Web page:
A professionally prepared proposal is an essential part of the overall sales cycle – and is often the only way some members of the customer’s decision making unit (DMU) find out about you, your company and your proposed solution. If you fail to adequately represent what you have to offer, all of that time invested in first locating the opportunity, initial meetings, qualifying, etc. will have been totally wasted.
Here then, are the essential ingredients of a professional proposal.
A well laid out Contents page shows how your thoughts are organized and supplies a ready guide to your in-depth review of the selling argument. If your document is so short as to not require a contents page, then you are showing how little information you have…
• The objective
• The current situation
• Current constraints
• Recommended benefits
• Recommendation of products
• The final justification
• Supporting documentation:
– Product guarantees
– Service information
– Cost breakdowns
– Third party references
– Timetable for implementation
An objective is a statement that can be looked at, in terms of measurable change, once the decision is taken. If your objective offers no change from the present situation, then this is not an objective at all!
The Current Situation
A clear statement of what is currently taking place within the prospective customers own work environment. This should cover equipment, volumes, work practices and anything to do with the department – or departments – that are involved.
As with an explicit need, a clear statement of desire to solve a perceived problem, the listed problems should be the statements of the decision maker – and not your own. You must gain the agreement of the decision maker, as to the exact wording of the explicit need, so that it is their statement – and not your interpretation.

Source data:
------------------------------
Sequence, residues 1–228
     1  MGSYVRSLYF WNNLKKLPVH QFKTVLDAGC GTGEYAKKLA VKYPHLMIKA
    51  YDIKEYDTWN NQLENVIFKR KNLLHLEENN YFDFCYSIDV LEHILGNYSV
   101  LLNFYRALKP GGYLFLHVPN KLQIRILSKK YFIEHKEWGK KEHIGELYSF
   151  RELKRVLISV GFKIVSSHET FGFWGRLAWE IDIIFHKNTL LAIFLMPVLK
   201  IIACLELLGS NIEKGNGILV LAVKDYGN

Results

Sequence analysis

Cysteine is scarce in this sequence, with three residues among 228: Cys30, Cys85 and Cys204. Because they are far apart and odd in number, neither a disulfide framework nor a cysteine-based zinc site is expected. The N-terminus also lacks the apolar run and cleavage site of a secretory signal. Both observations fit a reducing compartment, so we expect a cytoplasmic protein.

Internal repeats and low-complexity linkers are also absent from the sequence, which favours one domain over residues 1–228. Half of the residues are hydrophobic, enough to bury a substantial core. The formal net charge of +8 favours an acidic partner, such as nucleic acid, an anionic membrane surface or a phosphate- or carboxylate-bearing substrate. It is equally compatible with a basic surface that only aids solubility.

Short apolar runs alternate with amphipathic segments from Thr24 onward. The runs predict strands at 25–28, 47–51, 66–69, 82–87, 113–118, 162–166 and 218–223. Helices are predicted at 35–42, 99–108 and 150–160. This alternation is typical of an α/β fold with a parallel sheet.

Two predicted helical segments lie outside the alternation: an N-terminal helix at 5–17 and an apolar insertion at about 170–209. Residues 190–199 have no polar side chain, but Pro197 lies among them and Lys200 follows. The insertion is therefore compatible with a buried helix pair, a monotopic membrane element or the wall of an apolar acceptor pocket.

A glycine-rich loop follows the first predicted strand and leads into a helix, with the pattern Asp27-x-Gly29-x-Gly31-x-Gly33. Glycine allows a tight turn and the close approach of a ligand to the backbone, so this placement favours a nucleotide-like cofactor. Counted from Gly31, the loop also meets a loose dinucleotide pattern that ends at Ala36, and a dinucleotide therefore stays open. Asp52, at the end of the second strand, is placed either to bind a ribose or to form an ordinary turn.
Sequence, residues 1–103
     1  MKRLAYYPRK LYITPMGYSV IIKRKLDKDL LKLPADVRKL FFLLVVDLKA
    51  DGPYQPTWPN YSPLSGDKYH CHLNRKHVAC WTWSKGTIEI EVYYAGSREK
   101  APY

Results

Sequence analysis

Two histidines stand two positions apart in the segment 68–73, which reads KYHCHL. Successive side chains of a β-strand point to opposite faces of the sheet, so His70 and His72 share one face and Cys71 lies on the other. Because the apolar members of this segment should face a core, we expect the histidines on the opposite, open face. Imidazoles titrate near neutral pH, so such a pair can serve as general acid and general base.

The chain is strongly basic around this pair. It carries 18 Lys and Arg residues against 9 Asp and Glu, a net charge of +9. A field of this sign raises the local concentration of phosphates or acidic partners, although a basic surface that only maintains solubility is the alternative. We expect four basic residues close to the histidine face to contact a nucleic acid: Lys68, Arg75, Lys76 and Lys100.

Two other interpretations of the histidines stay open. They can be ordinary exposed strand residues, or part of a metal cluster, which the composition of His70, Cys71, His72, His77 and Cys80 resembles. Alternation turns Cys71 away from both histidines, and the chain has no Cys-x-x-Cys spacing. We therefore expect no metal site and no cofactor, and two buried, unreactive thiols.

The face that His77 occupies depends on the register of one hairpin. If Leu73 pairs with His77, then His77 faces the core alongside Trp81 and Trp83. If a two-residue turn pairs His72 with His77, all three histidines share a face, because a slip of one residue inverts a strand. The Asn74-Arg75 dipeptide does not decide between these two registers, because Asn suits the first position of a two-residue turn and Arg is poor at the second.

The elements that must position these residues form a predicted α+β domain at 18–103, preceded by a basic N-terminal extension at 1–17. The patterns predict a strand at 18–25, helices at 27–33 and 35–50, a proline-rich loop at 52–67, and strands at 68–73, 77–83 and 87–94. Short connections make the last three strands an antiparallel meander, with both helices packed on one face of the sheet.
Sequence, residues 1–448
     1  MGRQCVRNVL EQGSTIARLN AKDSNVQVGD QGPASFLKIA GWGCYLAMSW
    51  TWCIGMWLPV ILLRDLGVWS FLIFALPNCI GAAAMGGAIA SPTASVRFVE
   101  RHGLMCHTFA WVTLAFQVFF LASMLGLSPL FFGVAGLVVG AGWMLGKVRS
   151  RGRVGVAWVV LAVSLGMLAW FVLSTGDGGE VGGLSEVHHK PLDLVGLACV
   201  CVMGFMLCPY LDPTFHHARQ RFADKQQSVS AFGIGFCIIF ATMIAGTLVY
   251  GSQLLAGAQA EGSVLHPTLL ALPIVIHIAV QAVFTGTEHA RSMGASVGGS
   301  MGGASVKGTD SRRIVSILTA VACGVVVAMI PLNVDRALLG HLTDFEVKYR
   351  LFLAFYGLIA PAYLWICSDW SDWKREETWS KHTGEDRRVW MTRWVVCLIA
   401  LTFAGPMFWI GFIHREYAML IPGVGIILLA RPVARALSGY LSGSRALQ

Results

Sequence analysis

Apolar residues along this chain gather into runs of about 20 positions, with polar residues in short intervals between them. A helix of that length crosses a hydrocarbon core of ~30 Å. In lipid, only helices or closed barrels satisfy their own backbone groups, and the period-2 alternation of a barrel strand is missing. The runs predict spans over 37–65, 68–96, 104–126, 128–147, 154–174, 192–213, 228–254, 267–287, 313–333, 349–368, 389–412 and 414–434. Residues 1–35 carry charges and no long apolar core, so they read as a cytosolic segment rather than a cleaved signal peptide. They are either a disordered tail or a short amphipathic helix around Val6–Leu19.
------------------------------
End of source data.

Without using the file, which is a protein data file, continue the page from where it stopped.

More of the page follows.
This is not the products or the service! It is what the total package will do to resolve the existing problems. It is more than likely that issues such as service and finance may play a major role, perhaps even customer training.
Recommendation of Products
This is the product – or products – that match the criteria that you have set, for the solution to be effective, and should describe clearly the facilities that match the solution.
The Final Justification
The total cost of the recommendation can be summarized first, followed by a statement of what is being offered into that overall cost. It may be helpful to then break down, in simple terms, how that cost is arrived at. Unless you have previously agreed the terms and cost of trading, it hardly seems worth the effort when the customer might object. Agree terms that will satisfy the decision maker, before you put your selling argument at risk.
Back up your arguments with any guarantees or third party references that support your claims. Remember, it is likely that other people will be consulted in the decision process and your document will become the sight-seller in the hands of an inexperienced salesperson. Give them as much support as you can to back their case.
What Functions Do Proposals Perform?
• An organizational tool that provides a complete listing of all buying reasons – Full justification
• A statement of your professionalism – You are a consultant
• Written support of your verbal claims
• A selling tool – A proposal sells when you are not there
• Provides firm price commitment
• Proposal = A Closing Tool
Have Proposals Become More Important Over The Years? Yes, Yes, Yes!!!
• Internal justification process is more complicated
• The decision maker usually is not the primary contact person
• Increased professionalism (O + M, Purchasing, Financial Managers)
• Shift in competition
• Volume – Segments
In Summary – What Should Good Proposals Contain?
• Covering letter
• Current system – Constraints
• Recommended system – Benefits
• Proof – Current system costs and proposed system costs
• Investment and pay back periods
• Timetable for implementation
• Summary and conclusion
• Quotation and enclosures